Global Warming Projection Information Vol.9 (Japan Meteorological Agency, 2017) provides NHRCM 5 km precipitation data, computed under the RCP8.5 projection scenario. This data is accessible via DIAS with a daily temporal resolution for the P1980 members. Data from the four members of P2076 is also available. This study utilized daily precipitation data from Vol. 9 to assess the 10 min rainfall data in Vol. 8. Figure 1 illustrates the NHRCM 5 km analysis grid alongside the layout of the Automated Meteorological Data Acquisition System (AMeDAS) stations in the vicinity of Tokyo.

Figure 1NHRCM 5 km analysis grid and AMeDAS stations.

Figure 2 presents the rank statistics of annual maximum daily precipitation for five AMeDAS stations in Tokyo, compared with the analytical grid data from Vol. 8 and 9. The data for Vol. 8 was derived from the 10 min intervals, while bias-corrected data was used for Vol. 9. Figure 2a and b represent the P1980 period, whereas Fig. 2c and d depict the P2076 period. In comparison with the current climate data, the projected values from Vol. 8 surpass those from AMeDAS (Fig. 2a), while the estimates in Vol. 9 are generally lower than AMeDAS data (Fig. 2b). The predicted annual maximum daily precipitation for P1980 in Vol. 8 exceeded the values in Vol. 9 for stations St. Hachioji and St. Fuchu, both situated in western Tokyo. However, the predictions for St Tokyo remain largely consistent (Fig. 2c). For the P2076 timeframe, Vol. 8's predictions tend to be higher than those of Vol. 9 when the annual maximum daily precipitation surpasses approximately 100–150 mm d−1. The annual maximum daily precipitation of A1B scenario's annual maximum daily precipitation was consistently higher than that of the RCP8.5 climate scenario.

Figure 2Comparison of annual maximum daily rainfall: (a) and (b) cover the P1980 period, (c) and (d) cover the P2076 period.


2.2 Preparation of design rainfall

For flood runoff analyses in urban watersheds, the integration of short-duration rainfall intensity proves crucial. Several methods have been proposed for this objective. However, no singular approach has achieved broad consensus as the most effective (Ioannis, 2022). In Japan, a prevalent strategy when factoring in climate change impacts for flood runoff analysis involves applying a multiplier (a.k.a. climate factor) to the projected rainfall values based on current design rainfall (Arnbjerg-Nielsen et al., 2013; Toda et al., 2020; National Institute for Land and Infrastructure Management, 2017). Given that the 10 min data in Vol. 8 is not bias-corrected, the study emphasizes the need to evaluate the reproducibility of short-term rainfall. To address potential underestimations crucial to urban flood runoff analysis, this research adopted a method to adjust rainfall intensity, utilizing climate factors influenced by climate change-induced precipitation changes. A coefficient (αt) was obtained by assuming a linear relationship between the probability of rainfall in the ground rain gauge (GtT), the probability of rainfall in the present climate (DtT), and by the following formula (Kojima et al., 2018).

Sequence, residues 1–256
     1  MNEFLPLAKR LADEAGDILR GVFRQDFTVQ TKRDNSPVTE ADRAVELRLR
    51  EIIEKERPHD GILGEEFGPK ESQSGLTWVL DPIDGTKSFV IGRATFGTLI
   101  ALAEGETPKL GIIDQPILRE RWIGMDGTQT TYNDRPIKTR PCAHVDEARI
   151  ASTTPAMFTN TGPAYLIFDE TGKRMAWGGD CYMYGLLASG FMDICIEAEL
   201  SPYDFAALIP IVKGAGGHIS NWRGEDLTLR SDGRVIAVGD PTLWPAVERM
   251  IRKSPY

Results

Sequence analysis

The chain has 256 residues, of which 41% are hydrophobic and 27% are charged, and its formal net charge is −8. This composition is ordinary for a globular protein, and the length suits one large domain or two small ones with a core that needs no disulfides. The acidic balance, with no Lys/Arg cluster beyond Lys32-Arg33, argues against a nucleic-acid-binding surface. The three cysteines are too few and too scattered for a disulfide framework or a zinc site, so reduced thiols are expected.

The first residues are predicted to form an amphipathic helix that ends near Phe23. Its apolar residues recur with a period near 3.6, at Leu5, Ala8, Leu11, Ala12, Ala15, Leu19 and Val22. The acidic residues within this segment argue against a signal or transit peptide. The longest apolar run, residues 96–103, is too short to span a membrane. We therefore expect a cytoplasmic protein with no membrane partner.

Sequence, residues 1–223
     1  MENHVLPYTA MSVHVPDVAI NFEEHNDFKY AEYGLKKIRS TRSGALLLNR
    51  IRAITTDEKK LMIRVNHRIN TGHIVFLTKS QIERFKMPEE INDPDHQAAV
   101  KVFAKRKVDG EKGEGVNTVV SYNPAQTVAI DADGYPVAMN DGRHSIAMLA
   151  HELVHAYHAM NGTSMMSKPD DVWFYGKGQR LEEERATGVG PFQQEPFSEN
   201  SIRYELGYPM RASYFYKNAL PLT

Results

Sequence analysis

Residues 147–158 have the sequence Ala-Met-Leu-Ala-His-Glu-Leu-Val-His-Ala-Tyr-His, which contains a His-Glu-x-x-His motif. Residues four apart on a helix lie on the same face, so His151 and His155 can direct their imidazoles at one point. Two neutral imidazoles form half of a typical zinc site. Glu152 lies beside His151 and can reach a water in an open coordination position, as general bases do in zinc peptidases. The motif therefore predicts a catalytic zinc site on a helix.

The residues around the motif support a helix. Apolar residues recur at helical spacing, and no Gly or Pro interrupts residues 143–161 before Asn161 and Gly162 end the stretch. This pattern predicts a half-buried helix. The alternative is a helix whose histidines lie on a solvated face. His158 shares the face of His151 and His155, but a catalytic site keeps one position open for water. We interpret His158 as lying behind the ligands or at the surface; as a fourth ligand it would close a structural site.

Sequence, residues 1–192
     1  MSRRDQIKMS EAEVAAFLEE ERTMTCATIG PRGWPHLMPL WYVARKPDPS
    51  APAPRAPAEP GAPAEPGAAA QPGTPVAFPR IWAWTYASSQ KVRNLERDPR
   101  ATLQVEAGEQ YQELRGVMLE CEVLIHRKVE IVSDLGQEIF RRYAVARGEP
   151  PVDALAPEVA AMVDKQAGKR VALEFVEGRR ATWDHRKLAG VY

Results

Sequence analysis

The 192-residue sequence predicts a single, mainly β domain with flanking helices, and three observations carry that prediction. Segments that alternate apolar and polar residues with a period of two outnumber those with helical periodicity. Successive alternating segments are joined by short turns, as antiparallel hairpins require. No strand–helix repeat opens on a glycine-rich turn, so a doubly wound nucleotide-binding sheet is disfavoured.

(1) G t T = α t D t T

where t denotes the rainfall duration(min); and T denotes return period (year). Specifically, grid data at 69 locations were extracted from the NHRCM 5 km time-series precipitation data of P1980 for Tokyo, and annual maxima of 10, 20, 30, 60, 120, and 180 min were generated for each grid (Fig. 1). Time series of precipitation data were generated, and 20-year rainfall probabilities were calculated using a generalized extreme value distribution. Similar processing was applied to ground-based rainfall observation data, and the coefficient α, determined as the average value of all grid data, yielded a value of 1.71, 1.34, 1.27, 0.97, 0.85 and 0.80 respectively. Despite having a temporal resolution of 10 min intervals, the rainfall intensity multiplier α displays pronounced bias for short-duration rainfall, with values of 1.27 for 30 min, 1.34 for 20 min, and 1.71 for 10 min. Given the absence of ground-based rainfall data for P2016 and P2076, the coefficients αt for these periods were adjusted using the coefficients derived from P1980.

The Cleveland type adopted in the Tokyo Metropolitan Government's (TMG) River Plan (Tokyo Metropolitan Government Bureau of Construction, 2012) was used to develop a rainfall intensity equation. The constants were set to 10, 20, 30, 60, 120, and 180 min for the corrected 20-year rainfall probabilities of P1980, P2016, and P2076.

(2) I = a t n + b

where I denotes the rainfall intensity (mm h−1); t denotes the rainfall duration (min); and a, b, and n denote constants.

Figure 3 shows the rainfall intensity curve with 20-year return period, (a) before and (b) after correction. The NHRCM 5 km rainfall tended to underestimate rainfall shorter than 60 min and overestimate rainfall longer than 60 min. For the annual maximum 60 min rainfall, the climate factor is 1.10 for P2016 and 1.22 for P2076. This factor is less than the change factor of 1.3 for RCP8.5 as determined by d4PDF but exceeds the change factor of 1.1 for RCP2.6.